t.d.decker at worldnet.att.net
Sat Jun 23 20:26:56 PDT 2007
The sources of all this are probably, Giblin, James Cross. From Hand to
Mouth. New York: Thomas Y. Crowell, 1987, and Henisch, Brigit Anne. Feast
and Fast; food in medieval society. University Press, PA: Pennsylvania
University Press, 1976.
The information as it usually appears on the web is something like this:
"A Byzantine princess introduced the table fork to Europe in the eleventh
century. The story varies slightly depending on the source, but the essence
is that a nobleman, probably Domenico Selvo (or Silvio), heir to the Doge of
Venice, married a princess from Byzantium. This Byzantine princess brought a
case of two- tined table forks to Venice as part of her luggage. Forks seem
to have been novelties in Byzantium, but not unknown. Many examples can be
found in Byzantine art, according to Boger and Henisch.
The princess outraged the populace and the clergy by refusing to eat with
"Instead of eating with her fingers like other people, the princess cuts
up her food into small pieces and eats them by means of little golden forks
with two prongs."[Giblin]
"God in his wisdom has provided man with natural forks - his fingers.
Therefore it is an insult to Him to substitute artificial metallic forks for
them when eating."[Giblin]
The princess apparently died before very long, of some wasting disease,
prompting Peter Damian, Cardinal Bishop of Ostia to write,
"Of the Venetian Doge's wife, whose body, after her excessive delicacy,
entirely rotted away"[Henisch] "
The problems with all this are (1) Domenico Selvo, then Doge of Florence,
married Teodora Doukaina (AKA Ducas) in 1075, (2) Saint Peter Damian,
Cardinal Bishop of Ostia, died in 1072, and (3) the quotes do not appear to
be attributable to any 11th Century source. I have also been unable to
locate any Biblical prohibition against forks or locate any Medieval
reference to a prohibition against forks.
My current opinion is that many of these "facts" are apocryphal and that
they may be an artifact of Victorian imagination, but I haven't been able to
chase sources far enough as yet.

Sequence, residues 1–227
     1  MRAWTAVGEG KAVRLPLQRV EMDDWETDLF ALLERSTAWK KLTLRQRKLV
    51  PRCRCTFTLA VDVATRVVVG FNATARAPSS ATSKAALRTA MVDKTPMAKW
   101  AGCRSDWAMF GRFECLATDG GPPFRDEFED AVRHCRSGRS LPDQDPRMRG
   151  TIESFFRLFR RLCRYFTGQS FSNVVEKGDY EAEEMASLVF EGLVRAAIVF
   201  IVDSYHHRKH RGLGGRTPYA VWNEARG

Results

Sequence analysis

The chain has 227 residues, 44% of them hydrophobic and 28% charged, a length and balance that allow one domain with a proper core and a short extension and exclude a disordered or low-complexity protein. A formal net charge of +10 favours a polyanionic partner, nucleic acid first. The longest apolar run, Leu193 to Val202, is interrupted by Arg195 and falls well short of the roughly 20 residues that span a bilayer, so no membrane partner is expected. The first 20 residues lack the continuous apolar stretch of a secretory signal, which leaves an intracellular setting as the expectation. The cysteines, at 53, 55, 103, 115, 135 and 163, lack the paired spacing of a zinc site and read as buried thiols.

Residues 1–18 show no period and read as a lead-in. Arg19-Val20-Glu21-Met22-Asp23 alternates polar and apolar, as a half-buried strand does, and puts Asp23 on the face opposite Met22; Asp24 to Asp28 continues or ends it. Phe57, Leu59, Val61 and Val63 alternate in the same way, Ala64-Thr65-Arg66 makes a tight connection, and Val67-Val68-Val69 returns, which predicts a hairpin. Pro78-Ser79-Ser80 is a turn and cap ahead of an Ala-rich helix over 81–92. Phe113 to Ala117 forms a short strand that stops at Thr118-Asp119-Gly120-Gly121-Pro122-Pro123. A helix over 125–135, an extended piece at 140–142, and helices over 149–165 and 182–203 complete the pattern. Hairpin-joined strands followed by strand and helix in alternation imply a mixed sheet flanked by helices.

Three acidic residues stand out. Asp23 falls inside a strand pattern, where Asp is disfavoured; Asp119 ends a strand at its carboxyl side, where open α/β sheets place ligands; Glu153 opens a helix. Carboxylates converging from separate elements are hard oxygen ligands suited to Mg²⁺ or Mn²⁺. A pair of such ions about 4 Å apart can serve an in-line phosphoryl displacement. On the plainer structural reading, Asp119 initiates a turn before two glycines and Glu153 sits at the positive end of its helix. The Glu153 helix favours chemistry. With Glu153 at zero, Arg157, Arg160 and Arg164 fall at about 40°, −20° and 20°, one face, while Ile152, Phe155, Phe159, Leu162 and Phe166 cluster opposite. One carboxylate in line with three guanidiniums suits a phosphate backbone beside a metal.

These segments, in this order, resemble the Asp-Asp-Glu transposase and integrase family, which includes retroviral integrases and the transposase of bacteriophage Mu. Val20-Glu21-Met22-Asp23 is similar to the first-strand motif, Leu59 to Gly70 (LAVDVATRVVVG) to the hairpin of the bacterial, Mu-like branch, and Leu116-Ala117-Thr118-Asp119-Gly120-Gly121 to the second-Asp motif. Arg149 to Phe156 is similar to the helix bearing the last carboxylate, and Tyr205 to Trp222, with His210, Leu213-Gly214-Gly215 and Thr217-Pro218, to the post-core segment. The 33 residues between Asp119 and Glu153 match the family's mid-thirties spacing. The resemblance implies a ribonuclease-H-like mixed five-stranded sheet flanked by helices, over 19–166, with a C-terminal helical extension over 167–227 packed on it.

> As new members pointed out I too am getting a complex about being one of
> them. I ask a question which in the end rightfully is not published for
> in 2000 you raked the issue to death and Stefan, I later find, published
> it in his files and one of you wrote a very complete article which after
> reading them today, I have few problems left. The first is a reference
> with a source I cannot locate is that in the 11th Century at least it
> was thought that the Bible prohibited the use of the fork. I understand
> that at that time it was thought that only the devil used forks (a pitch
> fork for hay mind you) but I'd like to know what passage in the Bible
> made the Church think that metal could not be used to transmit organic
> food to the mouth while a fruit fork was ok because it does not come
> from an animal. Why can't eggplants be eaten with a fork as other
> vegetables in the Christian world? Also in my search I came across a
> statement that 'this prohibition lasted 70 years' so we are talking like
> 1180? Do we have documentation to this effect? Further, the fruit fork
> was perfectly admissible as Villena says but after that in 1430 in Spain
> Suero Quinones offered them at a banquet at his tournament in Leon but
> that was a revolutionary item! Don't understand. Too if the transmission
> of food to the mouth with metal was a problem for the Church why was the
> knife used? Why weren't wooden utensils used? When did the metal spoon
> come in? Why did it come in long before the fork as per my gut feeling?
> Finally my neighbor who moved into this 30 year apartment house
> three and a half years ago as I asks when will we become 'old' in this
> community? As a joke I ask the same of SCA??? Don't answer that - its
> great to feel young!
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